RSS Bridging the old & new: revisiting halides after some time with LEDs

Discussion in 'RSS Feeds' started by MASA Admin, 22 Apr 2013.

  1. MASA Admin

    MASA Admin Moderator

    8 May 2007
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    Over the last few years, I migrated every reef tank I have to LED, even a little freshwater nano is running LED. I think there is a huge future in LEDs and switching to LED changed my view on lighting and brought on some serious thinking about our disposable consumerism. The longevity of LEDs makes throwing bulbs out on a yearly basis seem wasteful.

    Things were humming along great; LPS were happy and sps were colorful and growth was good. But as frags grew into colonies, I noticed some interesting developments in my 180-gallon. My branching corals, like Acropora, developed recession in the shaded branches. And this led to gradual tissue recession. I found this quite interesting. The illuminated areas still grew like crazy and coloration was phenomenal.

    180LED.jpg 5 Maxspect Mazarra P over Mark’s 180 gallon.

    I took a step back, and noticed this issue didn’t manifest in plating corals and other morphs. My brain started fixating on my LEDs. Branching staghorns are prone to self shading. It just happens. Meanwhile, LEDs are known for hard shadows, particularly systems that use highly directional lenses. All those little individual diodes are just like tiny point sources of light. And that creates a lot of shadows for the same reason LEDs produce a lot of glimmer lines.

    The anecdotal tinkerer in me wanted to see what would happen if I put some halides back on there. I pulled on old 3x 250-watt halide fixture out of the closet. The fixture also has a compliment of T5 Actinics. A few weeks later, the recession in the shadows ceased. The light clearly bathed the entire tank in light. Heck, it bathed the whole room in light(unfortunately) and the shadows were no more.


    This revisit of metal halides modified my view regarding LEDs on large systems . I think I could have remedied the shading by adding more LED modules, but it gets to be very cost prohibitive on a large system. *It is my personal feelings that many LED fixtures have some shortcomings on larger tanks, particularly if you go by the manufacturer recommended number of fixtures. I *think LED recommendations are mostly based on measuring PAR values within a given area, like 2′ x2′.

    While the different brands of LED certainly meet PAR requirements for a that area with a single module or fixture, the nature of LEDS results in shadows from branching corals. As these corals grow larger, the shading starts to hinder or recede growth. I think the solutions is simple. As your tank gets larger, the distribution surface of the light fixture needs to get larger too.

    I need to iterate, this isn’t the fixture’s fault, I’m blown away by LED but they do have some shortcomings. People need to recognize that sometimes more fixtures or modules are needed; NOT for PAR but better spread… The upside is you can start with less modules, and add more as the corals grow larger. The same can be said for flow pumps.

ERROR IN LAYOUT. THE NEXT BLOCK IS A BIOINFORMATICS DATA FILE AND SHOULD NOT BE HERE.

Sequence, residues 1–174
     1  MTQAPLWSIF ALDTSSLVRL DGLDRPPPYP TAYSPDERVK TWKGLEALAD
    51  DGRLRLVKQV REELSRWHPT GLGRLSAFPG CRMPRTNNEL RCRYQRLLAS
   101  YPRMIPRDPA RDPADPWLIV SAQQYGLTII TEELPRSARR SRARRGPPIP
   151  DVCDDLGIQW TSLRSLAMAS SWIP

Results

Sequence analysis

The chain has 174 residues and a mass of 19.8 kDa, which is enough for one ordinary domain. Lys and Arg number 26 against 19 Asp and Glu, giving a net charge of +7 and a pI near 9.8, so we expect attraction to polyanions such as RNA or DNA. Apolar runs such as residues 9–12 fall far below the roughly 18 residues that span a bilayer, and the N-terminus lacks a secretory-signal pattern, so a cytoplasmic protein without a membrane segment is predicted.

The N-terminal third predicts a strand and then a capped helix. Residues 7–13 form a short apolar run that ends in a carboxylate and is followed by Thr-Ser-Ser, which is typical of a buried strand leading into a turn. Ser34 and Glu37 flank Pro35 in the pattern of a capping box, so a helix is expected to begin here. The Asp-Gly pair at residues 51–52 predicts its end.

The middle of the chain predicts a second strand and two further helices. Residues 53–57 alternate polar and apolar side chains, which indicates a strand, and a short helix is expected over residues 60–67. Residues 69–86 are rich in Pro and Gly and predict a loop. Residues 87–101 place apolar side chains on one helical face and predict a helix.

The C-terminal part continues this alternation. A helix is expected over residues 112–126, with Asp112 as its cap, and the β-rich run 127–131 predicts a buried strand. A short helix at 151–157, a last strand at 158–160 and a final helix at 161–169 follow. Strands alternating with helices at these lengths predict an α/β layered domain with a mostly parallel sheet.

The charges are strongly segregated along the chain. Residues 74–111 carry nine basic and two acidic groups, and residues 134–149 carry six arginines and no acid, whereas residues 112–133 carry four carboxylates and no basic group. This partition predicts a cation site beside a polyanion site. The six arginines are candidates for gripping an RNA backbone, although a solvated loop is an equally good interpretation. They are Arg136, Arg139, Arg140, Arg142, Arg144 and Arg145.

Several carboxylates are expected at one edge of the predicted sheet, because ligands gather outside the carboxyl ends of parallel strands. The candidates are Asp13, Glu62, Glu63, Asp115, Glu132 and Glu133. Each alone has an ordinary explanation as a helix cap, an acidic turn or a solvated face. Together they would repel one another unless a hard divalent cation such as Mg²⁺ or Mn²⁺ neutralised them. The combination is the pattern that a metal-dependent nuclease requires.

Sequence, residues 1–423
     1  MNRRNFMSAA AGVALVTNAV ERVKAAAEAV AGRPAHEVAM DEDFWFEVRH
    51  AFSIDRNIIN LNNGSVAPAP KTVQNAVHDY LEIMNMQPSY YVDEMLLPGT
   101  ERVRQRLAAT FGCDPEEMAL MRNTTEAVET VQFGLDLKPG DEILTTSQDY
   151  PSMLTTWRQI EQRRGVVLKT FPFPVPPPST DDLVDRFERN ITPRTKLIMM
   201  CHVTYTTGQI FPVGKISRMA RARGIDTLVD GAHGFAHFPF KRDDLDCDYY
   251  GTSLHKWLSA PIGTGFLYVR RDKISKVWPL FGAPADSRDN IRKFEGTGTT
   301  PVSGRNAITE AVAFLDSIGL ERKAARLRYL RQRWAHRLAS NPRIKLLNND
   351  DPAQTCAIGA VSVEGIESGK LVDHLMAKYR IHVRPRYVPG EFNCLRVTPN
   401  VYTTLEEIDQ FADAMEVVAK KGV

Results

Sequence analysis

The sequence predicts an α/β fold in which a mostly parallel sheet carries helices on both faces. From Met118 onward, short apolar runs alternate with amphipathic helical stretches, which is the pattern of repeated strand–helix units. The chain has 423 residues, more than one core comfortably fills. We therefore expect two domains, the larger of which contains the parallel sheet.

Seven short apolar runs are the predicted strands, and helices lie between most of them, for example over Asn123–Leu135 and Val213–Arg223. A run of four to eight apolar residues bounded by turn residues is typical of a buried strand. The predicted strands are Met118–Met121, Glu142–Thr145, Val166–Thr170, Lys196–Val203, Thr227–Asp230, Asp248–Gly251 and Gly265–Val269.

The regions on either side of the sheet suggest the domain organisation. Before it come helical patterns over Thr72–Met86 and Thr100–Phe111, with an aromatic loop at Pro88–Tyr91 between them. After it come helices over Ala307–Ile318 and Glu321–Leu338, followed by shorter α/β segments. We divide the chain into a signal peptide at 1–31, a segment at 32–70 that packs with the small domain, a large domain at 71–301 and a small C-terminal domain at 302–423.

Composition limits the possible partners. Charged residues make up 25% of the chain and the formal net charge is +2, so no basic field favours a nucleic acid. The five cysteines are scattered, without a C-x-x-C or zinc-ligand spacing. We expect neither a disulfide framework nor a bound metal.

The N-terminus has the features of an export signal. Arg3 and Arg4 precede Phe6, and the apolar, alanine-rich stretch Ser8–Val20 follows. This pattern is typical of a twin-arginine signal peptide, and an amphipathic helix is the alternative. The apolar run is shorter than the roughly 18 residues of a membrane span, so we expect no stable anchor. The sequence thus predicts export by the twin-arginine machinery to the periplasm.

But can we make better LED fixtures?

    It’s a ying yang situation. You could solve the excessive shading by spreading the placement of diodes out over a larger surface area, rather than a tight cluster with optics. The problem with this solution is that you end up with massive fixtures covering the majority of the tank, and also risk the disco effect of isolated colors on the corals and sand.

    The better solution for larger tanks is hybrid fixtures. A mixture of old and new:

    Hybrid 1: Keep the LEDs tightly clustered with optics, but throw in some T5. The LEDs would add a lot of PAR, while the tight cluster would create an attractive glimmer without disco colors. And the T5 provide a distributed light source to fill in any harsh shadows. Electricity and heat would still be in the efficient range.

    Hybrid 2: Bring back the metal halides, but at lower wattages. Then supplement with a barrage of blue LED. The LEDs would replace the usual T5 Actinics. Heat would be greater with halides, but it would overall still be an efficient approach for larger tanks.

    Hybrid fixtures are no stranger to this hobby. Reefkeepers have been mixing metal halides with VHO, T5, and even compact flourescents for decades.*I want to add that my 70 gallon doesn’t have shading issues. The smaller surface area is effectively bathed by the LED fixture above it.

    old180_MH.jpg Old photo of Mark’s 180 running metal halides in the beginning.

    So where do I go from here? Am I sticking with halides for now? No, I hope not. The temperature in my reef was 76 with LED, and 80 with Halides. Electricity usage is higher than I want as well. And I hate how the halides bleed light into the room. The glare is annoying, since I don’t have a canopy. I’m also wondering if my issues would have been non-existent if I had grown my corals under LED from the beginning.

    I miss the LED tremendously. Right now, I’m weighing my options. The easiest solution would be to add even more LED modules to my current arsenal of five. But I also like the idea of going hybrid on the 180-gallon. I’m intrigued by the hybrid ATI Powermodule fixture I keep seeing on the web. Hopefully, we see more of these types from other brands.

    I’ll post an update when I make up my mind. Below you can see some old photos of the same reef aquarium under the metal halides and even after some time with a T5 fixture.

    old180_T5.jpg Old photo running T5′s on Mark’s 180 gallon.

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